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Times 2008 Boys Basketball Player of the Year: Chestatee's Parker Smith

POSTED: April 2, 2008 5:01 a.m.
SCOTT ROGERS | The Times/

Parker Smith is the 2008 Times Boys Basketball Player of the Year.

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  • Parker Smith talks about his career at Chestatee High.

Parker Smith sure knows how to ruin a good surprise.

Right out of the gate, everyone knew about the talent of the wiry Chestatee High freshman when he scored 46 points in the ninth-grade season opener against Gilmer. After that, War Eagles basketball fans and coaches had little question as to what kind of player he could become down the road in his high school career.

And he certainly didn’t disappoint.

Even though Smith, a four-year varsity player, had to wait his turn to be a major contributor on the varsity level, he finally got his chance as a junior, and promptly led the War Eagles to their first two state playoff appearances in the school’s history.

“This season was really exciting to help take this program to the next level,” Smith said. “I enjoyed playing with all my teammates — it was just a lot of fun.”

In the end, Smith, who has signed with Tennessee State University, shattered Chestatee’s scoring record, leaving the school with 2,038 career points, including 934 points as a senior. Smith has also been selected to play in the Georgia Athletic Coaches Association North/South All-Star game at Savannah State University on March 30.

And now he can add The Times 2008 Boys Basketball Player of the Year to his list of accomplishments.

His forte was his precision shooting. Smith shot 57 percent on 2-point shots as a senior, and 56 percent on 3-pointers this season. With his incomparable ability to shoot the ball at a high percentage, it became the norm for opposing defenses to be focused almost entirely on smothering Chestatee’s main scoring threat, especially during the playoffs.

“Parker’s ability to score changed the way the game was prepared for, changed the way the game was played, and changed the way people talked about the game afterward,” War Eagles coach Russ Triaga said.

But it wasn’t just one big game that highlighted Smith’s career with the War Eagles, it was the sum of all its parts. As a total team player, Smith could knock down shots from pretty much anywhere, with or without an open look, and he could also grab rebounds and take on the other team’s best player in the paint.

His career high scoring was 53 points this season at Johnson. He finished his career at Chestatee scoring 40 or more points in a game seven times, and more than 30 points in a game over 20 times, according to Triaga.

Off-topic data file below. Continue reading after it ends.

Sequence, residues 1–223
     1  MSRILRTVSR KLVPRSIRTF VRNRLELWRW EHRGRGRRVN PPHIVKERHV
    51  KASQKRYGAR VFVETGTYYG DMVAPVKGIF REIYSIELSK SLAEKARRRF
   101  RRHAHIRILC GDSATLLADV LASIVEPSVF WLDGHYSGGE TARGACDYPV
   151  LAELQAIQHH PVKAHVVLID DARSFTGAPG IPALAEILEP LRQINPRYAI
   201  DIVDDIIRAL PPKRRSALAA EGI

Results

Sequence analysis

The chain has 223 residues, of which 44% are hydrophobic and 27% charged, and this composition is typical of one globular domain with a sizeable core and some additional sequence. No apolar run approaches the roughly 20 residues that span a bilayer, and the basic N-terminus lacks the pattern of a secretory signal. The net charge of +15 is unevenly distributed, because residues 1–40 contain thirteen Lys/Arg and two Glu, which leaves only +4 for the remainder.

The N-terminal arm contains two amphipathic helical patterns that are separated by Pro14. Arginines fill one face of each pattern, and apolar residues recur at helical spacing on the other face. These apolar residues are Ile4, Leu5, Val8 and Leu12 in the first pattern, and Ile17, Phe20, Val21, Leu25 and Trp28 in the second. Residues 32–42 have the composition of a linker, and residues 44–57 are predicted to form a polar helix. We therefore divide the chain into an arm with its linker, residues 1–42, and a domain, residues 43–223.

All that hard work paid off when he surpassed 2,000 points in his career against Gainesville in the Region 7-AAA tournament this season.

“It felt really good to finally get to 2,000 points,” Smith said. “If I would’ve been short of 2,000 it would’ve been a big let down.”

One of the reasons for his success this season was the fact that Smith was not having to worry about playing for a college scholarship.

He committed to TSU early, which allowed him to focus on what he loves most of all — playing basketball.

Smith was sold on the total package of playing for TSU, with the big-city atmosphere of going to school in Nashville, the coaching staff, direction of the program and the opportunity to play early in his career.

“Tennessee State got a steal with Parker Smith,” Triaga said. “There is so much he’ll be able to do for them.

“All that needs to be done is to create a shot for him.”

According to Smith, the opportunity to play at TSU trumped offers from schools like Air Force, Buffalo and Dartmouth, among others.

“That’s been my goal all along to get a college scholarship,” Smith said. “My whole life for 17 years has been put into getting better at basketball and working on what I needed to do to get better.”

According to Smith, he was literally nurtured into becoming a basketball player. He had a basketball in his crib before he could walk. And by the age of 2, he could dribble a basketball.

By the time he reached elementary school he was already a round ball junkie. He would go straight to a local recreation center after school to play basketball and then come home and immediately practice shooting in the driveway.

That same dedication continues to this day. He practices every day with the sentiment that there is always room to improve.

“He works much harder than people think,” Triaga said. “You very rarely get a chance to coach a player like Parker.”

And Smith isn’t just a star basketball player, he’s a straight-A student and in high-standing in his senior class and plans to major in education and coaching basketball in the future.

“Parker is just an unassuming, friendly kid who deflected the personal accolades,” Triaga said. “He’s been a great representative of our school and we’re all really proud of him.”



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